Reach Indians and South East Asians living in Australia



There’s no doubt that social interaction is a healthy and essential part of human existence; most people flourish when they enjoy strong, positive relationships with other people – a fact that has been borne out by several studies. However, our need to interact socially may be getting out of hand, if the amount of time we spend on Facebook every day is anything to go by. James B. Stewart, writing for the New York Times reports that almost half an hour is spent on Facebook daily, while many smartphone users have made a habit of checking their social media apps first thing every morning, sometimes even before they get out of bed.

It’s already on record that use of social media in communication undermines face to face relationships and can reduce the amount of time spent doing meaningful activities. Social media also increases reclusive behaviour, can lead to internet addiction and erosion of one’s self-esteem occasioned by negative social comparisons. When people misrepresent their lifestyles on social media, they lead others to believe that their lives are not as good as their counterparts’, creating a sense of less self-worth among social media users. Still, another school of thought holds that it could be a case of people with lower well-being taking to social media rather than social media being the cause for lower well-being.

A study by Shakya HB and Christakis NA sought to find out what kind of relationship exists between social media use and well-being. The study entitled Association of Facebook Use with Compromised Well-Being: A Longitudinal Study, using a sample of 5208 adults maintained by the Gallup organisation, sought to find out how well-being changed over time due to Facebook usage. The parameters used to measure well-being were life satisfaction, self-reported physical health, self-reported mental health, and body-mass index (BMI), while the measure of Facebook usage included how many times one “likes” of other’s posts, the creation of individual posts, and clicking on links. The subjects in the study were required to name up to four friends with whom they discussed important matters and four with whom they shared their free time.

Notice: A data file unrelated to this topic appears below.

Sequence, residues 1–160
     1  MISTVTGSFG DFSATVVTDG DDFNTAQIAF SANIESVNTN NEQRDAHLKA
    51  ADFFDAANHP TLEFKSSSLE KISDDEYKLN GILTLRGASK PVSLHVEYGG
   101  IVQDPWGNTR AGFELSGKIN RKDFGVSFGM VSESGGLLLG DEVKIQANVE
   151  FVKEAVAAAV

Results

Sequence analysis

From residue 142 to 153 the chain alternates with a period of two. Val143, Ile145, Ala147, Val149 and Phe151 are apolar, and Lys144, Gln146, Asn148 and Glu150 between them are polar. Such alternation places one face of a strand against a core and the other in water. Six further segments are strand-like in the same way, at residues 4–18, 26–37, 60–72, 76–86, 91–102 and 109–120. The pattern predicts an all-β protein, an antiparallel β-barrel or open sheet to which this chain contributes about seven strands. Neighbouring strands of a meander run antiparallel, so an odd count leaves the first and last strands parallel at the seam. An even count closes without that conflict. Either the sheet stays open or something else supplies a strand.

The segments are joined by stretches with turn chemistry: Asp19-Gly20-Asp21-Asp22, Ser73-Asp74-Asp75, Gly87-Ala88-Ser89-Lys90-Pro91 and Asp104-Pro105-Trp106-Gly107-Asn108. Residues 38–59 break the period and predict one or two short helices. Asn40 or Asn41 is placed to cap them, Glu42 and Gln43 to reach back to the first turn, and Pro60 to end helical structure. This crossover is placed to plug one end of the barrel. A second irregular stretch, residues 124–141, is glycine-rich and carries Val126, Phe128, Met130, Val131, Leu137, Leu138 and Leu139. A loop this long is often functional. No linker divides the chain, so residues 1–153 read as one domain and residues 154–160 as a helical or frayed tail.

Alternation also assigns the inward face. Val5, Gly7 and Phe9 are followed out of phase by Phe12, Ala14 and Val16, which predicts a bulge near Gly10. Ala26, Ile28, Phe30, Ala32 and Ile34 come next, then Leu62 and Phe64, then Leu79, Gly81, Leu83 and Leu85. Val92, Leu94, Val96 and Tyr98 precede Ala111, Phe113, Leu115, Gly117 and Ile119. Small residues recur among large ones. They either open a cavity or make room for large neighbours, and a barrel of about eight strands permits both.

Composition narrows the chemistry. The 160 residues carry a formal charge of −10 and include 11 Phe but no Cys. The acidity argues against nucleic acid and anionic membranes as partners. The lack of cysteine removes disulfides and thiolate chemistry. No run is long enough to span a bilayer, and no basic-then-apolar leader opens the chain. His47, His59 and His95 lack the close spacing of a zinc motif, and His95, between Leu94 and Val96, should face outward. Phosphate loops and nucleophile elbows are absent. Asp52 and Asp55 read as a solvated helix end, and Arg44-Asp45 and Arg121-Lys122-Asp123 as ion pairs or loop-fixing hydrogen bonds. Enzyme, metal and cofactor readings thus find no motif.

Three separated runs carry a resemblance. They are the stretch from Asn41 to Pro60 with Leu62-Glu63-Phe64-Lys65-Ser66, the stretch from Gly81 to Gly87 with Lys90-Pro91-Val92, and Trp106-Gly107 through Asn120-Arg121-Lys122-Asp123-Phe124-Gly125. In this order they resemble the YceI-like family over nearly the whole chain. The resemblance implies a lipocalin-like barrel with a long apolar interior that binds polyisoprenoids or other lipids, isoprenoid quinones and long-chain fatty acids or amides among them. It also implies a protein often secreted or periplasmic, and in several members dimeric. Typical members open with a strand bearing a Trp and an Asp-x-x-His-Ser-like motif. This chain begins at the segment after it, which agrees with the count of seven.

The results were kind of interesting. They showed that on one hand real-world social networks had a positive impact overall well-being, but on the other, the use of Facebook had a negative association with overall well-being. The results on mental health were especially damning as most measures of Facebook use in a year predicted a decline in mental health in the subsequent years of usage. For every “like” and click there was a corresponding reduction in self-reported physical and psychological health, as well as life satisfaction.

In the end, the study showed that Facebook somehow leads to diminished well-being although it did not explain exactly how that happens. One thing that did come out, though, is that online social interactions can never be a substitute for face to face interactions.

Damien Peters

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